As a newlywed couple, you likely want to share everything. Unfortunately, marriage alone isn't always enough to allow you to share your dwelling. There are no federal laws that give you permission to move your spouse into a home or apartment you're leasing without getting the go-ahead from your landlord. In some cases, your landlord may even choose not to allow your husband to move into the home at all.
TL;DR (Too Long; Didn't Read)
If you want to add your husband to your lease, you'll have to comply with state laws; some states will automatically add spouses at your request, but others will not. Landlords also have some leeway within state guidelines, so that's an additional hurdle you'll have to clear.
Lease Requirements Vary
If you get married after signing a lease, you must inform your landlord. State laws vary, but the landlord will likely require your husband to complete an application to have his name added to the lease. He needs to meet the same qualifications as any other applicant. Most landlords review the applicant's credit, criminal background, employment and prior rental history.
If your husband has poor credit, the landlord often requires an additional security deposit to add his name to your lease. Landlords may overlook a less-than-stellar credit score, but some issues, such as a criminal background, can result in a denial.
An exception is New York, where your husband can automatically be added to your lease without having to complete a new application as long as he resides in the home as his primary residence.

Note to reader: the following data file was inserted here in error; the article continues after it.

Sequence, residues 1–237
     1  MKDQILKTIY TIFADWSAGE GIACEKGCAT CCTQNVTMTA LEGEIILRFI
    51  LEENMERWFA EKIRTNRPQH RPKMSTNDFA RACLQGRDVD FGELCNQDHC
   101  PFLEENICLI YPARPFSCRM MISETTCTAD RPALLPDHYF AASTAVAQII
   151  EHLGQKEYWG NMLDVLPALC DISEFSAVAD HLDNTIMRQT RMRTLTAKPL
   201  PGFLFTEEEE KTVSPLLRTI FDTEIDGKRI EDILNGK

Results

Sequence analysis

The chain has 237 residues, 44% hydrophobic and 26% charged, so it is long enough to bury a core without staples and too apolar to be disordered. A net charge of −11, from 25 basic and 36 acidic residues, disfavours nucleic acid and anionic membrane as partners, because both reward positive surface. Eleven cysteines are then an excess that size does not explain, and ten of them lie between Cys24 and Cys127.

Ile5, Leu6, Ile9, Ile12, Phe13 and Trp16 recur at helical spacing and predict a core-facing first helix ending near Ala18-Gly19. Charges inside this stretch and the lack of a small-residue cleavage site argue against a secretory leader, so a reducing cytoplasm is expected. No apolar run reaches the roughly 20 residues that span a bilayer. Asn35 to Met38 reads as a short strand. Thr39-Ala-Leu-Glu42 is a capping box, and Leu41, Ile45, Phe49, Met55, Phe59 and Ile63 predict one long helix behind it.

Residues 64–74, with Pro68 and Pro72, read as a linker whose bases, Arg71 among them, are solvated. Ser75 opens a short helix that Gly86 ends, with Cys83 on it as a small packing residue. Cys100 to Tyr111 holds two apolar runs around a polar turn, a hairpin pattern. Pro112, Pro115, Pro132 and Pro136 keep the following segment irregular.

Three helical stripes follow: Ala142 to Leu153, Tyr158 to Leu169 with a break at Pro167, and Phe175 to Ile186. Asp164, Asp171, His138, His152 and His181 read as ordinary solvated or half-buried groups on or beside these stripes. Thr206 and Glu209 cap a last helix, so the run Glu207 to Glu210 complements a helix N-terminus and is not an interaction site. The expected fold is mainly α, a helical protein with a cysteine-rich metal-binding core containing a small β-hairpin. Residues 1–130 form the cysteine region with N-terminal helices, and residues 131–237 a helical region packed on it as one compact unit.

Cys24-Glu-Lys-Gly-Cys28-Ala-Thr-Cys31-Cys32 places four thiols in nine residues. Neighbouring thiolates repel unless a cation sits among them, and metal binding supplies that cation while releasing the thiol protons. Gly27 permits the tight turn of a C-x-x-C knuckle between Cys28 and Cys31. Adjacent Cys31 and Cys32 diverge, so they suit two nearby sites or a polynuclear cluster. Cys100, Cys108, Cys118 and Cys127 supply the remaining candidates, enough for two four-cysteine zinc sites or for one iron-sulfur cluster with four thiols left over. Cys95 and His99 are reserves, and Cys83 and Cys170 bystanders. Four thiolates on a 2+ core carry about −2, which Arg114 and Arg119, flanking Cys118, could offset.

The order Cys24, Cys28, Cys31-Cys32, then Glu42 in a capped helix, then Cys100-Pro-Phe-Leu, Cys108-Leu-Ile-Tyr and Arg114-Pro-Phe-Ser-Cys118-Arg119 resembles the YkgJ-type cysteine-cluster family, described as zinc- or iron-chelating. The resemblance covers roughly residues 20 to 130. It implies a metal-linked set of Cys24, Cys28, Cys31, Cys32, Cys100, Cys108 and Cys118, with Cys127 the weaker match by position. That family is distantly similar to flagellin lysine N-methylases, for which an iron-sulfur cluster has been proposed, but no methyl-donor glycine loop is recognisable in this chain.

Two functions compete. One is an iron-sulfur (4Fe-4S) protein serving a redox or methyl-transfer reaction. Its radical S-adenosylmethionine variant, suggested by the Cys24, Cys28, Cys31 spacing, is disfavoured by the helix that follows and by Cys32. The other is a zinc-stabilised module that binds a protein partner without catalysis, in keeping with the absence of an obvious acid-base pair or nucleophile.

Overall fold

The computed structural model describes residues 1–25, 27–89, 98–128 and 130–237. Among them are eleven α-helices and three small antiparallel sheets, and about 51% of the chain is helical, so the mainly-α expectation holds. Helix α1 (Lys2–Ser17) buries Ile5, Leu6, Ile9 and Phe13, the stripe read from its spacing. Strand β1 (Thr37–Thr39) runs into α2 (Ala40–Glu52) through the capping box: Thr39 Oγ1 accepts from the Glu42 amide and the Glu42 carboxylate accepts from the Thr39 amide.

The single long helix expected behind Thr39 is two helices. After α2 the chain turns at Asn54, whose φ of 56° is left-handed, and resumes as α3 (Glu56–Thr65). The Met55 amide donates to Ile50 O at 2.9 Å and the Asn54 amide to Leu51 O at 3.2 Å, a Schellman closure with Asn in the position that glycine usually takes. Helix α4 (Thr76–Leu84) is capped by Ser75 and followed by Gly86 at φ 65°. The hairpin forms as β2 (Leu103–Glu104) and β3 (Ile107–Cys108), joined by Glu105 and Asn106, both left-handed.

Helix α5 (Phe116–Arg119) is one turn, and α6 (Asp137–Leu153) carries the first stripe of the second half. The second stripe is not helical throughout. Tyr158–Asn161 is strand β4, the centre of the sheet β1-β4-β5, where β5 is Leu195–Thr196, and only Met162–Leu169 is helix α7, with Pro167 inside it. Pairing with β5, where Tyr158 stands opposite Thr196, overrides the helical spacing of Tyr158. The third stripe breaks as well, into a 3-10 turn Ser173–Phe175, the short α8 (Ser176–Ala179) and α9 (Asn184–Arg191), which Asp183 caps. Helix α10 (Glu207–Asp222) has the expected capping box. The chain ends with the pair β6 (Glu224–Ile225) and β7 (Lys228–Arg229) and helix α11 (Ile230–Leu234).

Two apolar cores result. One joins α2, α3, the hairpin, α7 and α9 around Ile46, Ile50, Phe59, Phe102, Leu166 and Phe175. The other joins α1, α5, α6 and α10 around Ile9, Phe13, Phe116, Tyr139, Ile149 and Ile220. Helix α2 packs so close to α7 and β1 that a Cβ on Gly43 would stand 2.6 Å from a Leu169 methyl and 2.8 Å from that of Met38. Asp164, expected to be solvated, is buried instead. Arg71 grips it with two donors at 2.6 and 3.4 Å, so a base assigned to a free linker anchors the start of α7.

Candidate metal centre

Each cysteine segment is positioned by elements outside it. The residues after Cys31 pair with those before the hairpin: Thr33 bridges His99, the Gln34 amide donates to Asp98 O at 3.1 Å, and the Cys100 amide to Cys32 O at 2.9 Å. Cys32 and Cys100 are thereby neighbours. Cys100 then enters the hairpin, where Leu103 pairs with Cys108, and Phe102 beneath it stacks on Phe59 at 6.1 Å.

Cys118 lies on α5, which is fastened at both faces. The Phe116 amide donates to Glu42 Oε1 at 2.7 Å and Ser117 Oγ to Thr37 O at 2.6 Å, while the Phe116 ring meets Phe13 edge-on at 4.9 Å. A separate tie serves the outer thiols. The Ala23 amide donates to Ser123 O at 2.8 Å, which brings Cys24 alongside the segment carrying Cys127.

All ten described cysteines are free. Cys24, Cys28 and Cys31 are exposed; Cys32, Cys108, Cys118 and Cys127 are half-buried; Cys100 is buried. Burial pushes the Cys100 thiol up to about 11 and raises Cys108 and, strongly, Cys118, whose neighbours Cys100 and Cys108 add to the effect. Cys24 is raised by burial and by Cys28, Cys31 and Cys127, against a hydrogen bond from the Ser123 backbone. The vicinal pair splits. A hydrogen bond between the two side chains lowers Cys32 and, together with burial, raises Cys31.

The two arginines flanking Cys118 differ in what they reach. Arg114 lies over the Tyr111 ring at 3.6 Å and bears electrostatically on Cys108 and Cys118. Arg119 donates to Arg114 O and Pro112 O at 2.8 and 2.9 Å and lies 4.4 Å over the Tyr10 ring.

Guidelines for Income-Restricted Communities
If you are living in an income-restricted community, the landlord may need to reevaluate your income to ensure you are still eligible. The income requirements are typically based on the number of people occupying the property. If you exceed the income limit, the landlord may be unable to approve your husband's application.
Authorized Occupant Option
If you don't anticipate your husband gaining approval due to credit, inquire about adding him as an authorized occupant. The lease remains solely in your name, and your spouse has the right to stay in the home. However, you are responsible for the the rent and liable for any damages. If something were to happen to you, such as death or abandoning the property, your spouse would have no right to stay in the home.
Breaking the Lease
Marriage is not considered a legal reason to break a lease. If your husband is not approved to live in the home, you are unable to break the lease without facing early termination fees or a possible lawsuit. Lease agreements can limit the number of days a guest is allowed to stay in the property. The landlord has the right to evict you for violating the terms of your lease agreement.
Jeannine Mancini, a Florida native, has been writing business and personal finance articles since 2003. Her articles have been published in the Florida Today and Orlando Sentinel. She earned a Bachelor of Science in Interdisciplinary Studies from the University of Central Florida.